An intestinal chip model takes research of fungal infections to a new level

Successful cooperation between science, clinic and start-up

Raquel Alonso-Roman, Parastoo Akbarimoghaddam

3D reconstructions of the epithelial cell layer of the intestine with C. albicans (fluorescence image: C. albicans: red, F-actin: green, cell nuclei: blue)

The Jena-based biotech company Dynamic42 has developed an intestine-on-chip candidiasis model that allows for the quantification of the infection process. By combining microbiological and image-based analyses, the pathogen-host interactions can be analyzed much more precisely than is possible with conventional 2D models. In collaboration with the Hans Knöll Institute and Jena University Hospital, Dynamic42 experts have made important progress in understanding candidiasis, a potentially life-threatening fungal infection. The results have been published in the March issue of the journal “Biomaterials”.

Dynamic42 GmbH, founded in 2018 by employees of the Jena University Hospital, develops innovative 3D in vitro microphysiological test systems known as organs-on-chip (OoC). In these biochip-based microfluidic systems, the researchers simulate human physiology in the laboratory – human cells react in vitro almost as they do in vivo. The model systems can be used at all stages of drug development, from basic research on molecular mechanisms to pharmacological evaluation of drugs in preclinical research. With its organ models, Dynamic42 helps its research partners to avoid animal testing.

A concrete example of the relevance of organ-on-chip technology is the study of pathogens such as Candida albicans. This yeast fungus colonizes the skin and mucous membranes, including the human intestine, without causing symptoms. In certain circumstances, it can lead to dangerous infections that can be life-threatening. In Germany, around 40,000 people are affected by an invasive Candida infection every year.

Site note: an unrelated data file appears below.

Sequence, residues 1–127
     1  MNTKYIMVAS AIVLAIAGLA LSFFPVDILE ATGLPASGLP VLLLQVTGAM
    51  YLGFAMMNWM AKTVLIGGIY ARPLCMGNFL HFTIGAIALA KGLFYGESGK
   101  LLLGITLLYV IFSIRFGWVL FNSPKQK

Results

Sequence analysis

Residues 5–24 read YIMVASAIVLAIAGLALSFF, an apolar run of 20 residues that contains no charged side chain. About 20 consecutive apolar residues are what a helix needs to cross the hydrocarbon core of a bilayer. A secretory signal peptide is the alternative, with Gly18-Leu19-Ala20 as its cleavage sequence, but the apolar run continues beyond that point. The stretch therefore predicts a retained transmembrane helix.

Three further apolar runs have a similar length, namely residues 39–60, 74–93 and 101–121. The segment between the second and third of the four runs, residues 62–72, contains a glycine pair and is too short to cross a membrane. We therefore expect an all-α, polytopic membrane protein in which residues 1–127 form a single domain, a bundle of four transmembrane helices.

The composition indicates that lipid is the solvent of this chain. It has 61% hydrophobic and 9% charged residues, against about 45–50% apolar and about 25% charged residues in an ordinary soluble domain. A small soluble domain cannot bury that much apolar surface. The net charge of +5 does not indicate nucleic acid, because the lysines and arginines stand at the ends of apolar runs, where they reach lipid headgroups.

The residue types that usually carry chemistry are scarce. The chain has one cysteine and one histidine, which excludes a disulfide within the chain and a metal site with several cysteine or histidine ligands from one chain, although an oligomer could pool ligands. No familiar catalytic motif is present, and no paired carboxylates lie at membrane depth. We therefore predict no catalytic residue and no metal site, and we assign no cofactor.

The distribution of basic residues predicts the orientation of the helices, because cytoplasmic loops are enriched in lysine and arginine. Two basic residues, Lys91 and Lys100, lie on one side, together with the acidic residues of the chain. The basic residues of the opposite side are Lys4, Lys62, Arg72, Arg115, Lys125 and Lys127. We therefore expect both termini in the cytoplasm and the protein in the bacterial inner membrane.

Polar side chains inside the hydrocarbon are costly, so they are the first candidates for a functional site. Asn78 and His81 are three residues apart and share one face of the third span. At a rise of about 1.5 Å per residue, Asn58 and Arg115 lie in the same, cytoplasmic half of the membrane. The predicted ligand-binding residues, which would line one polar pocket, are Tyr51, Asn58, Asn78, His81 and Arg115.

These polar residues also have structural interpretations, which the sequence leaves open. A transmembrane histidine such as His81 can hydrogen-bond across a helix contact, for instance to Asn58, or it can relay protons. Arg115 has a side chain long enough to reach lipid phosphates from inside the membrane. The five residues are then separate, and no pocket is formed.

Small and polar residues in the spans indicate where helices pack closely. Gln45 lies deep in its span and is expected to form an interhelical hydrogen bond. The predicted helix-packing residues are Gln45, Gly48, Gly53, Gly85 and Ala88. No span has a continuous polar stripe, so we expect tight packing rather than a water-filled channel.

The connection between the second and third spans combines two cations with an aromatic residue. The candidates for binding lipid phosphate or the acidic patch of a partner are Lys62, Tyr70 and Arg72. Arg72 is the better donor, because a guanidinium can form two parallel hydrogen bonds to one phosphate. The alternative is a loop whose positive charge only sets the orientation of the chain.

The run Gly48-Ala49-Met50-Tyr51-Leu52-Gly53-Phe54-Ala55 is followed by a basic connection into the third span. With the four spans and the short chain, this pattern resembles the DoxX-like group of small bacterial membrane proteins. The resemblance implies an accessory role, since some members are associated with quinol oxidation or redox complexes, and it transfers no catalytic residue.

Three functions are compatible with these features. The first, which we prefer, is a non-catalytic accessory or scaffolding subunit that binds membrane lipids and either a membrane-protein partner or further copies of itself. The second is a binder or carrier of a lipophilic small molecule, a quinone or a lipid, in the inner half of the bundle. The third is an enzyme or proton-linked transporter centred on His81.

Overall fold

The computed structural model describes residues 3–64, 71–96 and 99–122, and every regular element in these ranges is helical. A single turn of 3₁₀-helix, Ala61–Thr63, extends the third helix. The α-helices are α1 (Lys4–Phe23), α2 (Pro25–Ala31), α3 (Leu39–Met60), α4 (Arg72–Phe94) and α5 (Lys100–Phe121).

Interactions between fungus and host precisely reproduced

The present scientific work focuses on the development and application of a new intestinal chip candidiasis model that accurately imitates the relevant interactions between pathogen and host such as adhesion, invasion, and dissemination in the tissue. Since macrophages have been integrated into the system, an inflammatory response can also be simulated. By combining microbiological and image-based analyses, the model enables an accurate quantification of both the severity of the infection and the efficacy of antifungal drugs such as caspofungin.

“Leveraging an intestine-on-chip model enables fascinating insights into C. albicans pathogenicity and morphological alterations during antifungal treatment. The chip platform allows us to study invasiveness and translocation of the fungus in different tissue compartments. By applying the treatment via a perfusion system, we can further simulate an intravenous administration as it is conducted in human patients.”, says Tim Kaden, PhD student at Dynamic42, about the advantages of the system.

Dr. Alexander S. Mosig, head of the “inspire lab” at Jena University Hospital adds: “Our joint work not only offers completely new insights into the pathogenesis of candidiasis, but also promising approaches for its treatment. The combination of innovative models and advanced analytical techniques enables us to develop more effective strategies against this life-threatening infection.”

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